They had "no office, no company, no money and nothing to show" at the start but a pitch and some pictures. They were "no West and Zampella" and interest wouldn't come easy.
To make things even harder, the studio is based in the Czech Republic - "a European backwater" - where there's "no funding options" or support from the Czech government.
It's a great read to learn how a start-up studio can find its legs in mainland Europe. "...I’m going to blog about our progress along the route from nothing towards triple A game for next next-gen systems," said Dan Vavra. "By “blog” I mean a real development diary, not the usual PR propaganda telling you how everything went great."
"To make a great game you need three things: a great idea, an experienced team and lots of money. Everyone thinks he’s got a really great idea, but few really have and even fewer have the money, experience and team to follow that idea through. There are also a lot of people who have lots of money, a very experienced team, but next to no idea about what to do. But those who have it all are very few."
"And as you may guess, I was from the first group of people, those with no money. This can be a problem, of course. If you have a great idea and an experienced team there is an off chance somebody is going to give you money. But in order to put the team together you need a lot of money that nobody is willing to put up when you don’t have the team."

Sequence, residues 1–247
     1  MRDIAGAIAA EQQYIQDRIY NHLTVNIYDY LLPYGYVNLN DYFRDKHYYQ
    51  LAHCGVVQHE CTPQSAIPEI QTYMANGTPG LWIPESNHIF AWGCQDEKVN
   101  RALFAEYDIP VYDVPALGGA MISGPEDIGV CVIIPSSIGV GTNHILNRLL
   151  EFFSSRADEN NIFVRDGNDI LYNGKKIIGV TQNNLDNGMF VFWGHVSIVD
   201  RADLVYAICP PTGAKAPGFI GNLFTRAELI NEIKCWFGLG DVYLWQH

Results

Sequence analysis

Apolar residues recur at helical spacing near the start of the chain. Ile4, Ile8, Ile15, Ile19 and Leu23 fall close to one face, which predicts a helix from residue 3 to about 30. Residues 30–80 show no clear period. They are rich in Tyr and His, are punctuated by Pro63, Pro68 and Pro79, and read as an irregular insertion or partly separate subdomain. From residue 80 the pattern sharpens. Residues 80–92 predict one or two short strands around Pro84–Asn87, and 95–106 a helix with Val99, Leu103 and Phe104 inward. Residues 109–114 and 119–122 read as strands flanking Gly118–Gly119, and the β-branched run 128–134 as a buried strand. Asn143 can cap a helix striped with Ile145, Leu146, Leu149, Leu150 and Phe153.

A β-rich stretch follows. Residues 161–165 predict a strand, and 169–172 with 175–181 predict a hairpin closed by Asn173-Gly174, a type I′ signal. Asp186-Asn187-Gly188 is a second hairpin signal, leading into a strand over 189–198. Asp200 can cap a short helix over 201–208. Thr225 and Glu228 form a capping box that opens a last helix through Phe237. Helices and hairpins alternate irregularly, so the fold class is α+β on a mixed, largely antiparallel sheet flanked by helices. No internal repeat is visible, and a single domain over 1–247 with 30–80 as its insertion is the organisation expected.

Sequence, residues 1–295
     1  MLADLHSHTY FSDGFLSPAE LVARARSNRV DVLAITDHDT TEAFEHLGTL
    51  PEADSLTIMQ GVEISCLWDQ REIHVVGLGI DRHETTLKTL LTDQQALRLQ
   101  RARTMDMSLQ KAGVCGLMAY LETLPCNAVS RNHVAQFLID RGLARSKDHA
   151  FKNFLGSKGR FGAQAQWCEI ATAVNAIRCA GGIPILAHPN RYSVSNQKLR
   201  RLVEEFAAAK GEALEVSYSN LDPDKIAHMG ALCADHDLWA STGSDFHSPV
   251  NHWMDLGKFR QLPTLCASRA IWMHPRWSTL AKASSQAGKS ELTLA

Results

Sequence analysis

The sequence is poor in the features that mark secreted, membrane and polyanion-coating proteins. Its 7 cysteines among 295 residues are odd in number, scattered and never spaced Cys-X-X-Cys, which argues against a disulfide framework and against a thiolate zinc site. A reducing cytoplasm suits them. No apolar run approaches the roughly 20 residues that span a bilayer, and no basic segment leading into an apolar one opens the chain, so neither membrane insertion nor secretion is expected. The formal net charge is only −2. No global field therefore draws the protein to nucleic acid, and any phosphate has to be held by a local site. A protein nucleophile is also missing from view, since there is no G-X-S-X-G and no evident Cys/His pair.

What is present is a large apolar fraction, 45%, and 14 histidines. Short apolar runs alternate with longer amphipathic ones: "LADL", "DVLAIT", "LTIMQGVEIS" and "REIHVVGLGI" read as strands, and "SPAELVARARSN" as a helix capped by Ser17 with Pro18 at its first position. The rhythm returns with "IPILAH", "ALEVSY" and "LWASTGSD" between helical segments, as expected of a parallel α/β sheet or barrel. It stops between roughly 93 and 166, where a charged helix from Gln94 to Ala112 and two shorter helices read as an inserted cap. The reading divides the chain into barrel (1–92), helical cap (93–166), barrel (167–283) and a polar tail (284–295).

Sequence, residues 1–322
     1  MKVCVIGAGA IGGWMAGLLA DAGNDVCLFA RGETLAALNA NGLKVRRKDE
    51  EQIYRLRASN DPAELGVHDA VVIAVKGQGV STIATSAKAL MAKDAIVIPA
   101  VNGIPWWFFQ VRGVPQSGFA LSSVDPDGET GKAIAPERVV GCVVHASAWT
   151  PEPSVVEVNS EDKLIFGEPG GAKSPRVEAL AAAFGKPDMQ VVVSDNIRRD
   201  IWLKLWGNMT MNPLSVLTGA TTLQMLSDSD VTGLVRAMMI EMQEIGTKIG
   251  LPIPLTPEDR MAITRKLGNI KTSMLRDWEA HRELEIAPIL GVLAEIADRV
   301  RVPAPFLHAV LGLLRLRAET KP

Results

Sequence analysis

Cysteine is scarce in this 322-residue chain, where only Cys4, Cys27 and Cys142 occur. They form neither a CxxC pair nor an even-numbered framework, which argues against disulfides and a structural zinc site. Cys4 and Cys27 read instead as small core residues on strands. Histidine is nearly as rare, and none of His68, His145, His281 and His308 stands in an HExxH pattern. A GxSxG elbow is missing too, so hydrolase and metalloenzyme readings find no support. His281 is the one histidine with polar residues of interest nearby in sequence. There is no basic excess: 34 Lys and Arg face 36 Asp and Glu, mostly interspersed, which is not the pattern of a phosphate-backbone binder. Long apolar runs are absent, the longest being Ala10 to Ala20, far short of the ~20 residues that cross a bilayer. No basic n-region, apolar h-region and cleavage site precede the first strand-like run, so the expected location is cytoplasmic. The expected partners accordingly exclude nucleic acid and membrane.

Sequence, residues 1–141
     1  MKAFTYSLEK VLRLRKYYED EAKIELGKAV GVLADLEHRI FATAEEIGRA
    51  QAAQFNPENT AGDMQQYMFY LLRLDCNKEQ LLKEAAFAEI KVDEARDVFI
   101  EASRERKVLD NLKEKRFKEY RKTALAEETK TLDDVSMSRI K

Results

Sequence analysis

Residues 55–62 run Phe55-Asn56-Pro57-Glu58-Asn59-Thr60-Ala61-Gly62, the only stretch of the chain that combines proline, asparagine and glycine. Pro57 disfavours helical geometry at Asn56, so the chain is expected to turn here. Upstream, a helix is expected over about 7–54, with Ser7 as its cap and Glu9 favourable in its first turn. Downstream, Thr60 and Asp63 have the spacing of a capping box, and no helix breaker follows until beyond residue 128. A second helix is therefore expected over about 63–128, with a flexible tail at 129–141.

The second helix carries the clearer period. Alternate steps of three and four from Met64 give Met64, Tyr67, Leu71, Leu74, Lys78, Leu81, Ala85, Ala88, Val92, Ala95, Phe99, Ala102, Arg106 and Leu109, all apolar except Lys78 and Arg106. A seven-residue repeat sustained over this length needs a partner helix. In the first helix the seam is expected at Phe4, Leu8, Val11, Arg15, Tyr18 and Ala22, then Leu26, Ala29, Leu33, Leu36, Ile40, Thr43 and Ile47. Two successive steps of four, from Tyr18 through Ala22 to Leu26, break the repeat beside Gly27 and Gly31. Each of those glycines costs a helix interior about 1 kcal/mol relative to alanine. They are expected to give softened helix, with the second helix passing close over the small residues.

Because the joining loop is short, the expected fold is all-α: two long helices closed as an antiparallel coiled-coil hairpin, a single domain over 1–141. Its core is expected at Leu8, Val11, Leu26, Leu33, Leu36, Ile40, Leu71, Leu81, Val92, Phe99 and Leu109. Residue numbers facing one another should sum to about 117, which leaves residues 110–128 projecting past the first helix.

"It’s a Catch-22 situation," he continued. They had virtually nothing to their name save for a pitch and some artwork.
"The likelihood of impressing a publisher in these circumstances is, for all practical purposes, zero, but I had to try. So I tried. I knew that I was no West and Zampella and publishers were not going to be throwing money at me, but after all, I created a successful franchise that sold millions and this had to count for something."
"It did. They listened. Some of them were even willing to sign the project, but they were not willing to spend money before we could show them something (well, it’s just as likely this was their polite refusal, but, having spent years in the industry, I dare say I can spot the difference between fake interest and real interest)."
To find out how it all went, check out Dan Vavra'sover at the official Warhorse website.
"I wrote a game about the Mafia and I don’t want to deal with those types of “businessmen”. The game industry is a risky business and nobody wants to end up under the boardwalk. I personally know people who got their bones broken or were kidnapped during game development. No kidding."
Warhorse stables talent from the likes of Mafia, Mafia II, Operation Flashpoint, ArmA and UFO: Aftershock.
Warhorse's journey to funding, "a ton of pitfalls where we can screw up"
25 January 2012 | By Simon Priest